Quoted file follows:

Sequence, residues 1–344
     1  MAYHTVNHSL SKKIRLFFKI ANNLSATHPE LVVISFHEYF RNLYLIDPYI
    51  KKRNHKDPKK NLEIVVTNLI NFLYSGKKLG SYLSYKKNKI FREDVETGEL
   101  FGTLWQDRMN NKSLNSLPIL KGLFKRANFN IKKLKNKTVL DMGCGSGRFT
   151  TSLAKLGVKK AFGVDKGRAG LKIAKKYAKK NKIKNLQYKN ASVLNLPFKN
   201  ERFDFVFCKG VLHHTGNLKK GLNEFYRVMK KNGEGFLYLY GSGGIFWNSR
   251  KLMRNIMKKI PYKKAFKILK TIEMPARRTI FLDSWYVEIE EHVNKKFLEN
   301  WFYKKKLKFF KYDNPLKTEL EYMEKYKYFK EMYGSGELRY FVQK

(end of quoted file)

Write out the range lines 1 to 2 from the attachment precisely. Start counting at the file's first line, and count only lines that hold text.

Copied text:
Sequence, residues 1–344
     1  MAYHTVNHSL SKKIRLFFKI ANNLSATHPE LVVISFHEYF RNLYLIDPYI